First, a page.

Making Sour Dough Bread

Last fall I discovered a new magazine that I just love! Now, understand, I’m really not much of a magazine reader. Almost always I’d rather read a book. But the gentle picture on the cover of MaryJane’s Farm caught my eye on the magazine rack one evening when Lyle and I were enjoying a “coffee date” at Borders. I picked it up and thumbed through it, and decided to splurge and buy it right off the rack! MaryJane is all about simple, country living, and even though I’m not quite as “green” as she is, I thoroughly enjoyed the magazine.

I took the latest issue with me to Florida last month as “airplane reading”. Each issue has a theme, and this time the theme was “Simply Bee”… about beekeeping and honey. I was particularly interested in that, because my dad is in the process of taking up beekeeping again. He had bees most of my growing-up years and had just gotten back into it a couple years ago. That just happened to be the year that so many bees died. So he’s trying again this spring. We are hopeful that it will be a better year for bees.

I thought it was an interesting coincidence that the movie shown on the airplane on the longest leg of my return flight was The Secret Life of Bees!

But I’m getting way off track here… and this post is evolving into quite the meandering narrative!

What I started out to tell you about was the article in the “Simply Bee” issue about making sour dough bread. I had always wanted to learn to make bread, but got frustrated with practicing because yeast is rather expensive to just keep throwing out until I could get the hang of it, so I had pretty much given up on the idea. I have a bread machine that does a pretty good job for things like pizza dough and cinnamon rolls, but I haven’t been that impressed with the loaves of bread it makes.

Well, MaryJane explains how to start your “mother” for sour dough bread using only flour and water. Granted, she stresses that it’s very important to use organic flour and purified water, but the quantity called for was small enough that I decided I could afford to experiment with it!
So last Monday I gathered my supplies and began with 2 cups of flour and 1 1/2 cups of water. Each morning I “fed” the “mother” 1/3 cup of flour and 1/4 cup of water. It was so interesting to watch the mixture come alive and begin to bubble and sour.

Yesterday was the day to take 2 cups of the starter out to make bread, and allow “mother” a day of rest! To make the bread I added 1 1/2 cups of flour to the starter along with a little honey and a little salt. That’s it! Four ingredients total: flour, water, salt, honey!
The bread turned out okay. It was a little heavier than I thought it should be. I think it’s possible that my “mother” needs to age a little more to make really good bread. Also, we’re having pretty cold weather right now, so it may be that I should have let it raise a little longer.

We did like the flavor! It has a very mild sour-dough taste, not the sharp/sour taste many commercial sour dough breads have. My older daughter doesn’t usually like sour dough bread, but she did like this. And since it is such a simple, inexpensive process I am going to keep playing with it!

Wanna try it? MaryJane was nice enough to post the article with the very detailed directions online! There is also a forum where you can discuss Bread the MaryJane Way! Check it out!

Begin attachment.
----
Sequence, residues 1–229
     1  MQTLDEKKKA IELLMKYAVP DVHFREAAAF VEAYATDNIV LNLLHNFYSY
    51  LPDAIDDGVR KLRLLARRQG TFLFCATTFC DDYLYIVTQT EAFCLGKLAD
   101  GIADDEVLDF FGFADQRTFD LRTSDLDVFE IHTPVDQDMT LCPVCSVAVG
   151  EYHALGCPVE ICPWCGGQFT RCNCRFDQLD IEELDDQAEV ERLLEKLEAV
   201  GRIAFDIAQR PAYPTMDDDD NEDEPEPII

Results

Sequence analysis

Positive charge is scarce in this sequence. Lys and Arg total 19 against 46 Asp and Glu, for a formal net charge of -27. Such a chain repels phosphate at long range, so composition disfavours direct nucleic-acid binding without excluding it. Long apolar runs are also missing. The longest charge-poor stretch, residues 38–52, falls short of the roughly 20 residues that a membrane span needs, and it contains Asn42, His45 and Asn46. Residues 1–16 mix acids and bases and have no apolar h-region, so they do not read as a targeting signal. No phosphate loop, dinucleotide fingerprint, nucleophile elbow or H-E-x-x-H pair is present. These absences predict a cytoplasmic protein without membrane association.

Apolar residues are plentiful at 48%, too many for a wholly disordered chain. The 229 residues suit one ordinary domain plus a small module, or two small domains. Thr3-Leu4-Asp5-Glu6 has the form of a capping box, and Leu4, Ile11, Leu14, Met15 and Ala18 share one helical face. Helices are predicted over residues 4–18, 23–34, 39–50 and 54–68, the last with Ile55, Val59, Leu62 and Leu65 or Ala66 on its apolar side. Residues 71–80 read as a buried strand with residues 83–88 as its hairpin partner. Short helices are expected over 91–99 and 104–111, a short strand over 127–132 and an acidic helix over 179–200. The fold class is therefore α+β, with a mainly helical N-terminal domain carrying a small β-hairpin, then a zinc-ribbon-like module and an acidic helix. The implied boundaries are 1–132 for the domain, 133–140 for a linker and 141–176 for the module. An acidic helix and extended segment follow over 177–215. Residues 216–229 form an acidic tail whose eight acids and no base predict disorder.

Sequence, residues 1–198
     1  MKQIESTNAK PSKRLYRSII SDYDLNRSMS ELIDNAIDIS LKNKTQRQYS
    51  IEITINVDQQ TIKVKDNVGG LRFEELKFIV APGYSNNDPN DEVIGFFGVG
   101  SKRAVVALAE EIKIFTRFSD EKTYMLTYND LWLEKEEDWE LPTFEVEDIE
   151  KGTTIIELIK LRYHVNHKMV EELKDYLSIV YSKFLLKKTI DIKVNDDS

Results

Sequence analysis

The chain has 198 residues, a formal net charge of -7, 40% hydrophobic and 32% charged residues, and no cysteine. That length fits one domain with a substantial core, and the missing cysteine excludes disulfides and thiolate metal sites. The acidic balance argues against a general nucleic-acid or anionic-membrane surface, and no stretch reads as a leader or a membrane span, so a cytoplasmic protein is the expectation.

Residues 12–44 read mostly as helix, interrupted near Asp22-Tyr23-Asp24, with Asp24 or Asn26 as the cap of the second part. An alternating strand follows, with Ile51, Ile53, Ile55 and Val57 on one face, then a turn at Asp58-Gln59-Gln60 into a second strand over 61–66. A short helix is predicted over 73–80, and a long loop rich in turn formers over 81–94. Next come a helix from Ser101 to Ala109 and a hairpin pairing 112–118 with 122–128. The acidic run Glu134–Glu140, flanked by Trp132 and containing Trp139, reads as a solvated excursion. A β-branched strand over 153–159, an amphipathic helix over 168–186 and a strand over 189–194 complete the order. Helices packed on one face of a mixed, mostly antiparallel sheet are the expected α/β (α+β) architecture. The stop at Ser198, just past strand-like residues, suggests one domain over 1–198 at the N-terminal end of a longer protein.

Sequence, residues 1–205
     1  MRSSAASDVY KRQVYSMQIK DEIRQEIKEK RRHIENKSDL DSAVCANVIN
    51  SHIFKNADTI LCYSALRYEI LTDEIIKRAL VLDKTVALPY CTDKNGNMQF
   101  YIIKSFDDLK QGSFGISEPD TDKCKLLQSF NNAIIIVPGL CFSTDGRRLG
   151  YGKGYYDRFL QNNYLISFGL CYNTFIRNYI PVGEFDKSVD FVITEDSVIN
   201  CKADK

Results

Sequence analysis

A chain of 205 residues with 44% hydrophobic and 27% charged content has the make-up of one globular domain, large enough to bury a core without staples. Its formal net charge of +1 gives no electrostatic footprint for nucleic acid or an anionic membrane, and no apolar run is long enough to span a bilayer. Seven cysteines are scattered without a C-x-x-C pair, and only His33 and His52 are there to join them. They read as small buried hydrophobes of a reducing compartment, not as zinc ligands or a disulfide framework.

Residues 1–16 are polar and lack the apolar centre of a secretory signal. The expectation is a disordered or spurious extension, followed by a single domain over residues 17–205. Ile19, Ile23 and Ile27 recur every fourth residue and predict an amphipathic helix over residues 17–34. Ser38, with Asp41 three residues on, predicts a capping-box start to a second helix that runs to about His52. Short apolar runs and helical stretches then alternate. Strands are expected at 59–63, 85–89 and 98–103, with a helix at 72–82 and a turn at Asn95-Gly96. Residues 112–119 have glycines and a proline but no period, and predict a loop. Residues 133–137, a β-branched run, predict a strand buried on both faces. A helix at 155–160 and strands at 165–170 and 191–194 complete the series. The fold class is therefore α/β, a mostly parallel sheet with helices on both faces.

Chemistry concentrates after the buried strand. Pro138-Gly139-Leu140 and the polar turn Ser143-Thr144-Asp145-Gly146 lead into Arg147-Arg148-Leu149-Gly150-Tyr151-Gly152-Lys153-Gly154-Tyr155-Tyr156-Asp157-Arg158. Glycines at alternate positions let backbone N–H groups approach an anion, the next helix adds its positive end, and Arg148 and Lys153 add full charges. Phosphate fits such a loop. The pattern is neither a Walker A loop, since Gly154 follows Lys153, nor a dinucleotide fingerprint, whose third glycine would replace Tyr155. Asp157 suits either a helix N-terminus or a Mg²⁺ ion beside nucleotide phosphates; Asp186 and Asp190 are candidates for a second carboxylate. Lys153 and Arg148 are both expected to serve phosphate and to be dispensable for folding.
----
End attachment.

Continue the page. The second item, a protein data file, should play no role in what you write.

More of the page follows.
• Marjorie (Molly) Smith

    I have been making sour dough bread for awhile, my mother is 4 yrs old now. But I used a recipe I found while in Bird-in-hand, PA. It is an old Amish recipe. I might have to give this one a try. We love different kinds of bread. Thanks for sharing.

  • Laura

    Thanks so much, Karla, for sharing this!
    I’ve had starters from others before, but I’ve never heard how they started the starter!
    Thank you for the link to the forum as well!
    The magazine looks like one I may have to check out!

  • Domestically Inclined

    Hello neighbor! Thanks for stopping by as well. I learned something from the link to the bread recipe. (as a missed the last issue of MJF)I use organic flour, so that wasn’t the problem, but I never thought of chlorinated water killing my starter! However like you, it’s still too cold for the starter to really do well here. But soon….SPRING!

  • Alicia, The Snowflake

    Thanks for sharing! I might have to check it out. It sounds so easy that even I might be able to do it 😉 My mother had a starter that she used when we were growing up. It was very yummy. I also love the sour dough bread at Cracker Barrel. I try to get toast when we go there just so I can have the bread.

    Take care my friend!
    Hope you are having a great week!

  • Sheila DelCharco

    Oh Karla, I’m so glad you shared the name of the magazine! I had taken the little flyer out but must have left it on the coffee table because I don’t have it! I wanted to see if I could find the magazine here or look into subscribing. Thanks for sharing!
    ~ Sheila

  • A Romantic Porch

    Karla I love to make bread and have a great recipe that my absolute fave! I’ve never tried sour dough…it just doesn’t sound good to me, but I’ll have to try this. I may have a struggle with “babysitting the mother” though! Of course you know I LOVE magazines. I haven’t found that one here yet, but I don’t get to go to Borders either. I might find it there. xorachel

  • Katie

    I have been searching all morning for sourdough starter, I should have just come here first. My Mom used to make bread with it all the time and I wanted to surprise her with some starter for her to start doing it again. Thank you so much!!

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